This really changes the perspective of talking with people about Wycliffe.  It is amazing to think that we are already starting our ministry.  PD isn’t something just for this initial ramp-up time.  It is an on-going process of communicating what God is doing through our involvement with Wycliffe.  How can PD be furthering God’s kingdom?

In our PD efforts we remind the Church that the Bibleless people are still waiting. We model the fact that God uses ordinary people with ordinary skills. Our initial God-given assignment is to be a missionary TO the CHURCHES and BELIEVERS on behalf of the Bibleless. In God’s time, we will have our teams complete and will then become missionaries TO the BIBLELESS on behalf of the churches and believers!

Thank you LORD for Partnership Development.  LORD, continue to shape in me the proper perspective of PD.

Partnership: Faith Comes By Hearing

I recently started receiving the Wycliffe Daily Prayer newsletter.  They have a special 40 Days of Prayer which is September 19 – November 11.  Today’s prayer reminded me about a question we had recently about how many translations are available in audio format.

One of the great things about Vision 2025 is the increased cooperation with other ministries.  Here is a quote from Today’s prayer:

The work of Bible translation leads to more than just access to God’s Word in people’s heart languages. It’s the foundational building block for many ministries that follow. God’s Word in local languages is the cornerstone for church-planting efforts, and strengthens existing churches. Once the Book of Luke is translated into a language, the JESUS film can be dubbed into it. Faith Comes by Hearing can record newly translated Scriptures for the audio versions they provide to people groups everywhere. And of course, the language development involved in a Bible translation project leads to an improved quality of life for minority communities—the translation of health materials, teaching literacy, and much more.

Faith Comes by Hearing recently announced The Word of God in 590 Languages … And Counting.  They are committed to reaching the nations with the Word of God in audio, offering the Bible in a format that will connect with the world’s 50% illiterate population.

Isaiah 41:10

Seeds Family Worship has a song called ‘Do Not Fear’ based on Isaiah 41:10 from their Seeds of Courage CD.  I have been singing it for several weeks – and I think I will continue to sing it in order to ingrain this promise from God’s Word!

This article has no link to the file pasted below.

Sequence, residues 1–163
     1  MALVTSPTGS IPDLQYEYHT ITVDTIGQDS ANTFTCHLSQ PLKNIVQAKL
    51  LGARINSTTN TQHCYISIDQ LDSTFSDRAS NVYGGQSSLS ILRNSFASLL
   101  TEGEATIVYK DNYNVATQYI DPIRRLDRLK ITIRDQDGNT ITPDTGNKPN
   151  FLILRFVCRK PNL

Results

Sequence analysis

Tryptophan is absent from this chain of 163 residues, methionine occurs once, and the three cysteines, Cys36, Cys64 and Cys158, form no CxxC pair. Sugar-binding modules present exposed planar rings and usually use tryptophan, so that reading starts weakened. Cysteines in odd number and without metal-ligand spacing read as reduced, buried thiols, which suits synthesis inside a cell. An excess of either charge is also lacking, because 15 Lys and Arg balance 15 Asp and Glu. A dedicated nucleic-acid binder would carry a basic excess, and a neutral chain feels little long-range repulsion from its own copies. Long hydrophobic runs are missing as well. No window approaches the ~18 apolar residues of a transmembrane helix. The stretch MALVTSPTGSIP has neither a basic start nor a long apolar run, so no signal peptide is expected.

So do not fear, for I am with you.  Do not be dismayed, for I am your God.  I will strengthen you and help you.  I will uphold you with my righteous right hand.

In my previous posts Come Follow Me, Part 1 and Come Follow Me, Part 2, I shared how God has shown Himself faithful in the past and what we believe is His call to us for the future.  If you have read these, then you are aware that our family embarked on the application process to be missionaries.    Well, months later, after much prayer, reflection, interviews, and some shaky knees, we have received word that we have been accepted as members to Wycliffe Bible Translators!

Wycliffe’s vision is to see God’s Word accessible to all people in the language that they understand best so that everyone has an opportunity to have an intimate and life changing relationship with Jesus Christ.

Our future assignment: No, we are not gifted as translators!  However, my husband will have the opportunity to use his skills in software development to assist in the process of translating the gospel into the many heart languages of unreached people groups.  He will be working with a team to develop specialist computer software for use by Bible translators and language workers worldwide. This will allow for faster, more accurate, and more meaningful Bible translations.

Our next steps:  Training!  In addition to our current family responsibilities and jobs, we will be taking missions training for the next year – a Perspectives course and online Wycliffe training as a couple, onsite training at Wycliffe headquarters as a family, and SIL training for my husband in the upcoming summer.   Partnership Development!  We will also be seeking much needed prayer and financial support.

Our needs:
– For God to raise up a team of ministry partners –both prayer and financial supporters
– That in the midst of missions training and our ongoing family roles, we would have spiritual protection, strength, endurance, and wisdom